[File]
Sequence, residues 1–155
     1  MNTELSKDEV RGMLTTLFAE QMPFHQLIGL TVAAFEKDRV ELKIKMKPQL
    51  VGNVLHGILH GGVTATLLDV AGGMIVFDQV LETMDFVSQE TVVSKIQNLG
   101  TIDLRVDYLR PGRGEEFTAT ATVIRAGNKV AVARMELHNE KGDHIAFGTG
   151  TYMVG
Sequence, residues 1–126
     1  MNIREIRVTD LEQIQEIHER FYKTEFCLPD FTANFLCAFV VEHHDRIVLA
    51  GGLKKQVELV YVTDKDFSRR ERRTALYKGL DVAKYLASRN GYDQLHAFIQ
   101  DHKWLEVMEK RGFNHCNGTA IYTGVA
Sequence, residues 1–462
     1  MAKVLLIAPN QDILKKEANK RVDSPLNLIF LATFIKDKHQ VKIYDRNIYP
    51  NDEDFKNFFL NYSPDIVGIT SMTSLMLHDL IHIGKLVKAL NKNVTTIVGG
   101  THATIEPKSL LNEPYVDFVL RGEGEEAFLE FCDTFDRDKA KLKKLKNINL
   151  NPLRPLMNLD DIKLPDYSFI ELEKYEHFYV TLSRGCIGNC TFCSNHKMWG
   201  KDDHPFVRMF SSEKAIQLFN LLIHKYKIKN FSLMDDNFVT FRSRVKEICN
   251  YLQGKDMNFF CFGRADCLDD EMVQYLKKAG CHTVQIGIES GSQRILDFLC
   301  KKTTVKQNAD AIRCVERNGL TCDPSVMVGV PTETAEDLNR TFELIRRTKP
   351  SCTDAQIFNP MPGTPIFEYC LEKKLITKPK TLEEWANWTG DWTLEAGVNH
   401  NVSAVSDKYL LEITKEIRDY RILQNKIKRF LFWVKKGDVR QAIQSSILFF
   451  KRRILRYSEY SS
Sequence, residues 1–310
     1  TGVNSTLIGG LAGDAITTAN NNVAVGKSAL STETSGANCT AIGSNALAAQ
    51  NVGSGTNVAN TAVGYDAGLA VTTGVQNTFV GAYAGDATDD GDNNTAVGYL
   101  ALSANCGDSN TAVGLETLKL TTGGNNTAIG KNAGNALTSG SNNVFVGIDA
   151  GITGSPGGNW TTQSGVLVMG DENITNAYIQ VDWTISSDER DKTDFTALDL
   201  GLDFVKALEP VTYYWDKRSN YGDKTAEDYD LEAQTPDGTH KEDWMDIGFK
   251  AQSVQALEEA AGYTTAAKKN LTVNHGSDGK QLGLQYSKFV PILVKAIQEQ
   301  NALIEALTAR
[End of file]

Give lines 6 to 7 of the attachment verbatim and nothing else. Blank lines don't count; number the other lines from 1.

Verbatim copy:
Sequence, residues 1–126
     1  MNIREIRVTD LEQIQEIHER FYKTEFCLPD FTANFLCAFV VEHHDRIVLA